Liver, metastasis, rupture, haemoperitoneum
Spontaneous rupture of a liver metastasis is a life-threatening complication of metastatic liver disease. Although metastatic liver lesions are much more common than primary tumours, spontaneous rupture of a liver metastasis is rare. Therapeutic decisions must take into account the extent of metastatic liver disease and the patient’s performance status. Transarterial embolization may be considered in cases of ongoing haemorrhage despite initial conservative measures. We describe a case of haemoperitoneum due to spontaneous rupture of a liver metastasis in a 72-year-old patient with carcinoma of unknown origin who responded well to conservative management.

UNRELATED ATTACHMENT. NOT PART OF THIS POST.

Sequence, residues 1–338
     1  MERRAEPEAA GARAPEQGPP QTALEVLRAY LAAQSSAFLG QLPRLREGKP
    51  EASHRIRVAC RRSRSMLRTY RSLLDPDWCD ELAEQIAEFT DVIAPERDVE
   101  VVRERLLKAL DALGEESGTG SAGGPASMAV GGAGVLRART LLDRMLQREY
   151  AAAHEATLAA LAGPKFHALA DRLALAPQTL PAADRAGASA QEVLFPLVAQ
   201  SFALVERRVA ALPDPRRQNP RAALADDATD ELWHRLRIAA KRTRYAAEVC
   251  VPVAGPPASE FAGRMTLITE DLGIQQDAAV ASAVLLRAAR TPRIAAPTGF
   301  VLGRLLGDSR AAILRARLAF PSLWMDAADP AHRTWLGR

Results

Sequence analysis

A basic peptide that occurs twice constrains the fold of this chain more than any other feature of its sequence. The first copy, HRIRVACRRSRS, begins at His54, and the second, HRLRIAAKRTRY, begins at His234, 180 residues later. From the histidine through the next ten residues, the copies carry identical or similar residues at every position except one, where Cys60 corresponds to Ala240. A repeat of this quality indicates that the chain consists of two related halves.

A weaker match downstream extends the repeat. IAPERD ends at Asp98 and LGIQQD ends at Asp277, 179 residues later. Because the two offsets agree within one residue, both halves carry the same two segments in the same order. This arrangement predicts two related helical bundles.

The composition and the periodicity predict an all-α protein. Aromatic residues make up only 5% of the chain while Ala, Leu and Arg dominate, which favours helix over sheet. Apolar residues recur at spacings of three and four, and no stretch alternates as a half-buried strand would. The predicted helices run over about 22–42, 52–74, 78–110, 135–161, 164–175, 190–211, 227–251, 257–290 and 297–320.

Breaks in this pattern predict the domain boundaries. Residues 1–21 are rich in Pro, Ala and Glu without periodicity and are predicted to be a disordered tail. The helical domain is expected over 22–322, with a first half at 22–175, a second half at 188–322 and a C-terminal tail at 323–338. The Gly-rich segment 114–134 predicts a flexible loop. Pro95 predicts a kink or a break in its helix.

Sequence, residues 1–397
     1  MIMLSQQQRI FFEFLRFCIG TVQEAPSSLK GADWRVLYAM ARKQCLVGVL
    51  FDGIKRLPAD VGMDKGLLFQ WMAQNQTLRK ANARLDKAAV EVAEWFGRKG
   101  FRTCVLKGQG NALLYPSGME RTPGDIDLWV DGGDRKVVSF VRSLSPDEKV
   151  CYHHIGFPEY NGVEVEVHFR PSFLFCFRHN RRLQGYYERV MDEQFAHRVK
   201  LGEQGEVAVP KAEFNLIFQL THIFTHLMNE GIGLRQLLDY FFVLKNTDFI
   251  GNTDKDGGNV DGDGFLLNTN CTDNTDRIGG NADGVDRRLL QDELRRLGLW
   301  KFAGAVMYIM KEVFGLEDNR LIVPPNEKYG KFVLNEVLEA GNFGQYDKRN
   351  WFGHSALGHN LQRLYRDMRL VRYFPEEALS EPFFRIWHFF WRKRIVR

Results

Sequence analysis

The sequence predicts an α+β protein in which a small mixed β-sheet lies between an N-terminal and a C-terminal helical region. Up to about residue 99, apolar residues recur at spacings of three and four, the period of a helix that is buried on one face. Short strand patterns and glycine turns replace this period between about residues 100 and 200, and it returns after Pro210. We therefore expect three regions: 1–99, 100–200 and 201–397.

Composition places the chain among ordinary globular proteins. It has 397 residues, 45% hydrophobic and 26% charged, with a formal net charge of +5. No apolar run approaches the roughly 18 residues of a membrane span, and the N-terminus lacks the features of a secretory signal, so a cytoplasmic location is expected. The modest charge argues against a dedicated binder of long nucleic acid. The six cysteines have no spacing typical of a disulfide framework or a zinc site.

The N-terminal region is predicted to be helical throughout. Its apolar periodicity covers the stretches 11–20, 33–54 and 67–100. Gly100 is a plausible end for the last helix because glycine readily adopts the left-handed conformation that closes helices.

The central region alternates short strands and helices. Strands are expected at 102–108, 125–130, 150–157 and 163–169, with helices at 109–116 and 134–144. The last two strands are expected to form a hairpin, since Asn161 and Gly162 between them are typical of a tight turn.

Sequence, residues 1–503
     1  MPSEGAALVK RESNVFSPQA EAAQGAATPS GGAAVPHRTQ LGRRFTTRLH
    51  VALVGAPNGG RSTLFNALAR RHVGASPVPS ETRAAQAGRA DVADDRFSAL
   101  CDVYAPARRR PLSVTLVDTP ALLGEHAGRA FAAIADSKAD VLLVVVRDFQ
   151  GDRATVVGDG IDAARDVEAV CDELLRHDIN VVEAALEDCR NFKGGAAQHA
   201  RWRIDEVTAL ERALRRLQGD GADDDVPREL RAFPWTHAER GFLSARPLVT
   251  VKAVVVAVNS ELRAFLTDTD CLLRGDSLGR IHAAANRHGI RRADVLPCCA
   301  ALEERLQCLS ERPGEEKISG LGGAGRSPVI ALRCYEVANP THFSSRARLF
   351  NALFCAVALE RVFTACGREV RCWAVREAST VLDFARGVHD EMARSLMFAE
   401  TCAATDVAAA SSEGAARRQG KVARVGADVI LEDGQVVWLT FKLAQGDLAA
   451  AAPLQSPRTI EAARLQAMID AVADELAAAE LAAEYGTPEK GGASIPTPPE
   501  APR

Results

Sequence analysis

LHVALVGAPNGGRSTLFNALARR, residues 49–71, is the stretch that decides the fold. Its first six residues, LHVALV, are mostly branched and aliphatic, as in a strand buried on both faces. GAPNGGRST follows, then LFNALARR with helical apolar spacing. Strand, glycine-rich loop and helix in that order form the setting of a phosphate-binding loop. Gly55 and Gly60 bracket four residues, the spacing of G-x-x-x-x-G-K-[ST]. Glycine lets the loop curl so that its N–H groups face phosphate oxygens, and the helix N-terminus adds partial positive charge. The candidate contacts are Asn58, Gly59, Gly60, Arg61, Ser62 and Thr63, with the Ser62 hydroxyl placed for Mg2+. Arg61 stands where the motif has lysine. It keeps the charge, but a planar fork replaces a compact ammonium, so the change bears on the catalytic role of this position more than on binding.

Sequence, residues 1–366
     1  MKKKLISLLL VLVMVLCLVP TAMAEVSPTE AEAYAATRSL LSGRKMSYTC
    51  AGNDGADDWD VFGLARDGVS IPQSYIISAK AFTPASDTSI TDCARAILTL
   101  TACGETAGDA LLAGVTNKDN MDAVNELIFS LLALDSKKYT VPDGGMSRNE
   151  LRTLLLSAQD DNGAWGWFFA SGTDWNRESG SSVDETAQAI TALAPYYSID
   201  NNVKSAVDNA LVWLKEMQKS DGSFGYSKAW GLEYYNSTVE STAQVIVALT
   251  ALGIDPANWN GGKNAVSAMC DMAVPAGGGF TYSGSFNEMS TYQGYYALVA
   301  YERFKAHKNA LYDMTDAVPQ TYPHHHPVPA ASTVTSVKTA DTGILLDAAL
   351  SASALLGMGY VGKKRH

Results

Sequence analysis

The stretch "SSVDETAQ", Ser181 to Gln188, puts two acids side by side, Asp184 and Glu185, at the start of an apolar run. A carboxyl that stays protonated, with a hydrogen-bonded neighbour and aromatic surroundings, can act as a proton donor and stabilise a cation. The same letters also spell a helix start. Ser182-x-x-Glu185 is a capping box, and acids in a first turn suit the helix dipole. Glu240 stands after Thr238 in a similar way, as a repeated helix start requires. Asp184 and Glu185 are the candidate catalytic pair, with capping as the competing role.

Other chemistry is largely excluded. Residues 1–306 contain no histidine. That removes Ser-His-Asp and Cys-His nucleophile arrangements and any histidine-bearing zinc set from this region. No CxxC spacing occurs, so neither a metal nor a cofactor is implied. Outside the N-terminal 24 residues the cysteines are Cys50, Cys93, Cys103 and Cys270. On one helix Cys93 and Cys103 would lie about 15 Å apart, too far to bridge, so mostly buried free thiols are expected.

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Issue: Vol 6 No 7 (view)